Energy Efficiency Employment in Australia Report, 8 Feb 2019
59,000 FTE current energy efficiency jobs
The first of its kind, an Energy efficiency employment in Australia report jointly commissioned and launched on 8 Feb 2019 by the Energy Efficiency Council (EEC) and the Energy Savings Industry Association (ESIA) and undertaken by Green Energy Markets (GEM), indicates that more Australians are employed in jobs that involve energy efficiency (59,000 full time equivalent) than any other part of the energy sector, including coal mining and electricity networks. (p6, Figure 1-1)
1/2 million people work in energy efficiency part of their work time
Australia has tens of millions of buildings and pieces of energy-using equipment, and a large workforce is required to build, use and maintain these assets. The report estimates that 500,000 people work part of the time in energy efficiency including architects, construction managers, engineers, electricians and technicians, facilities managers, and experts in air-conditioning, refrigeration, insulation and lighting. (p18, Table 3.2)
120,000 potential jobs
The report suggests that, if Australian governments were to adopt policies aimed at accelerating energy efficiency improvement of this large number of assets, it would generate significant levels of employment estimated at 120,000 job years. (That equates to 12,000 jobs a year for 10 years, or 24,000 jobs a year for five years.)
The report considers a suite of opportunities based on available data and mature technology. The total job-years opportunity considered is split across three sectors: residential (34,300), commercial (47,550) and industrial with short paybacks (38,550). (p21, Table 4-1)
Energy savings schemes could deliver one-third of the potential jobs - 43,000
The final section of the report (pp48-58), discusses Employment from enhancing market-based energy efficiency incentives and estimates that schemes would drive about one-third of the jobs. The section includes a detailed discussion of potential participation rates for 'low-hanging fruit' upgrade opportunities including:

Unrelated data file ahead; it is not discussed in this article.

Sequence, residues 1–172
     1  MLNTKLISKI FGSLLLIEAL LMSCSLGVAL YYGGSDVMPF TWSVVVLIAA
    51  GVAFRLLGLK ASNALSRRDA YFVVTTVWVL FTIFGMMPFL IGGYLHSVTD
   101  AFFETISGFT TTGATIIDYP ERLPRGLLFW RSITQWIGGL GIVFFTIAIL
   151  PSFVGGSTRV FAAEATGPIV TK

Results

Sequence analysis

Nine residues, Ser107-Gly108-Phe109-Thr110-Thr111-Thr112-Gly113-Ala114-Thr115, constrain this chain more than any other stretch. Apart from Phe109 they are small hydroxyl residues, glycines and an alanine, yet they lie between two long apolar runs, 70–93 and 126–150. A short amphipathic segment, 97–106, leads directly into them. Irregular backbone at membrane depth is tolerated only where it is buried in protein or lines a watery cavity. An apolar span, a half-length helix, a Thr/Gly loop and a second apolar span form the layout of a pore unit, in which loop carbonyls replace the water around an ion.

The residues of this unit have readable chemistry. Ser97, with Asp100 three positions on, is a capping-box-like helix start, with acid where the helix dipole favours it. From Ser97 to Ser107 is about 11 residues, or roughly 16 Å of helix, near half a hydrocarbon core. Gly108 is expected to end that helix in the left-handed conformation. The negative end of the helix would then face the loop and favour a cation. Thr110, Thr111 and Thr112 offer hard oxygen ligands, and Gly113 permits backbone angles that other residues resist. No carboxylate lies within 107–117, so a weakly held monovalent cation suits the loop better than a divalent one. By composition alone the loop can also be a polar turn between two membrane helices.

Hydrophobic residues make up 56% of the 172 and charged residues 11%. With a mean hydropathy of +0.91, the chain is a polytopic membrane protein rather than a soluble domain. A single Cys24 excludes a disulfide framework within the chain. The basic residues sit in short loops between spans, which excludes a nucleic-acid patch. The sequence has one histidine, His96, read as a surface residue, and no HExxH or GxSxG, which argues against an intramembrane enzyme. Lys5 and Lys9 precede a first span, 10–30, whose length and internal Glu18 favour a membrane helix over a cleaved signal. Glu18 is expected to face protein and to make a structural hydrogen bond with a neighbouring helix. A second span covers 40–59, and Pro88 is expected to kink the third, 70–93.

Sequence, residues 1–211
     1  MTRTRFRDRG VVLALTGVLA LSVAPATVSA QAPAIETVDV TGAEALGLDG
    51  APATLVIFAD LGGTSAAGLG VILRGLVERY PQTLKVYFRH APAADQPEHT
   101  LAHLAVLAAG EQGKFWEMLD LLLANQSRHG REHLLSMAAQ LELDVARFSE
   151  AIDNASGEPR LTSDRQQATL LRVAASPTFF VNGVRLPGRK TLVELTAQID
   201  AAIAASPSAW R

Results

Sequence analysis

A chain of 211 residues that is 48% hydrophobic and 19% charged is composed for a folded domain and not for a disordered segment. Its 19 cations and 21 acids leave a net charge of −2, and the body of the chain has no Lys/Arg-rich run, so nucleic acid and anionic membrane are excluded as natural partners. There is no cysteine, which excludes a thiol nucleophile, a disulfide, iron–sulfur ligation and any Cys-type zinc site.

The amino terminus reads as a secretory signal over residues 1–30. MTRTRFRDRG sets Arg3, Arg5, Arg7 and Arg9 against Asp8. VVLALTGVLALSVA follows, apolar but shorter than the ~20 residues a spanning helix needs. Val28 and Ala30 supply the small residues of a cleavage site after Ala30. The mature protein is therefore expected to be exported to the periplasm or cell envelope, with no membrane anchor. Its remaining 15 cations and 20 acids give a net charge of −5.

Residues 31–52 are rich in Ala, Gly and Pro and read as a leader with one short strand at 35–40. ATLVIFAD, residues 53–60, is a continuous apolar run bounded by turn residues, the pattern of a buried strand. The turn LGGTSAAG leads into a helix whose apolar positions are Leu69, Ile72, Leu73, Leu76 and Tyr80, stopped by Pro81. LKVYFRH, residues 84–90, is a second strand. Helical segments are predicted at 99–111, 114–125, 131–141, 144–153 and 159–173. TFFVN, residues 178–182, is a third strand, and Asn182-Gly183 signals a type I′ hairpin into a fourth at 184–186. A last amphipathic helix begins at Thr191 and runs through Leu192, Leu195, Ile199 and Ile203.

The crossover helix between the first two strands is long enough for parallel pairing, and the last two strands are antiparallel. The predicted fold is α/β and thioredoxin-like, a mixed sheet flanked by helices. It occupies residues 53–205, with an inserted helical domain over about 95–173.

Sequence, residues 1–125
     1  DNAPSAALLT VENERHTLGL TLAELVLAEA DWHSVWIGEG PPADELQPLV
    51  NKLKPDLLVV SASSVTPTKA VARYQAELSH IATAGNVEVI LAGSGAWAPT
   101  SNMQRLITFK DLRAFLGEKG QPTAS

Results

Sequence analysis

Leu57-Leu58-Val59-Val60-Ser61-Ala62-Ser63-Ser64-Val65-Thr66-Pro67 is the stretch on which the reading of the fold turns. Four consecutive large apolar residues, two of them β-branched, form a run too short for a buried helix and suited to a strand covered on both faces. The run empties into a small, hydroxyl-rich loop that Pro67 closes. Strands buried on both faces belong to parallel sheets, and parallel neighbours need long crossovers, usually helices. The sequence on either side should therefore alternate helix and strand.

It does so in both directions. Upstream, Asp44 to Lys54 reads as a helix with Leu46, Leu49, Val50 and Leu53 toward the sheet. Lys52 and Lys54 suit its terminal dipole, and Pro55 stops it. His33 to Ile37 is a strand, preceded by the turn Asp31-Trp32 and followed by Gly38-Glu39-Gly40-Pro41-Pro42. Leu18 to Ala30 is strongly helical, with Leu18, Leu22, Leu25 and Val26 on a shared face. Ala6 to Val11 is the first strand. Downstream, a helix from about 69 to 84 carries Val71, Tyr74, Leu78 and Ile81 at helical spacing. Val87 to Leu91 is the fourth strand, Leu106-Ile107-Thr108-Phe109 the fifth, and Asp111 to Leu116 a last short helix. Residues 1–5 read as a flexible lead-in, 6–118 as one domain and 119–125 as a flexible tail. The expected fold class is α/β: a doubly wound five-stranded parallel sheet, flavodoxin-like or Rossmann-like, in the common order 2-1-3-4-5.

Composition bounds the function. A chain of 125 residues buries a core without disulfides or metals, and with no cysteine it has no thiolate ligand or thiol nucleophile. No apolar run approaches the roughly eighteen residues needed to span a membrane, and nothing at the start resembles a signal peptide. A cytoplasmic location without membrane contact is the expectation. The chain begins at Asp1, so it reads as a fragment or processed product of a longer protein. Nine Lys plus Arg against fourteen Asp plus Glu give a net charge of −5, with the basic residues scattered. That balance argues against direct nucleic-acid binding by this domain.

- Residential efficiency upgrades - water heating, thermal comfort upgrades including heating, cooling and weather sealing, and replacement of halogen downlights with LEDs
- Commercial building efficiency upgrades - better lighting controls; building HVAC controls; higher efficiency fan, compressor and pump systems (used by HVAC systems); the roll-out of more advanced energy efficient commercial air conditioning equipment; and comprehensive commercial building retrofits
- Industrial energy efficiency upgrades - mining, manufacturing and water and waste services efficiency upgrades with short paybacks (p50, Table 5-1)
While the upgrade opportunities considered in the report are in no way exhaustive, they indicate the significant magnitude of the opportunity and the importance of expanding and extending energy savings schemes across Australia as a primary driver.
$7.7 billion energy bill savings potential
The report estimates that energy bills could be cut by $7.7 billion a year.
Just upgrading homes with features like more efficient water heating, thermal comfort and lighting would create 34,312 job-years of employment (p21) and save households $2.5 billion each year (p24).
Improving energy efficiency of Australian homes and businesses is the largest opportunity we have to reduce energy bills.
Scope of the report
To date, very little work has been undertaken to estimate the number of people employed in energy efficiency in Australia. The EEC and the ESIA commissioned GEM to estimate:
- Current jobs: Upper and lower bound estimates of the number of people currently working in energy efficiency activities in Australia. The estimates of current employment figures are based on a range of existing sources of information; and
- Potential jobs: The employment that would be created by government policies that drive the adoption of a series of technologically mature energy efficiency upgrades to homes and businesses.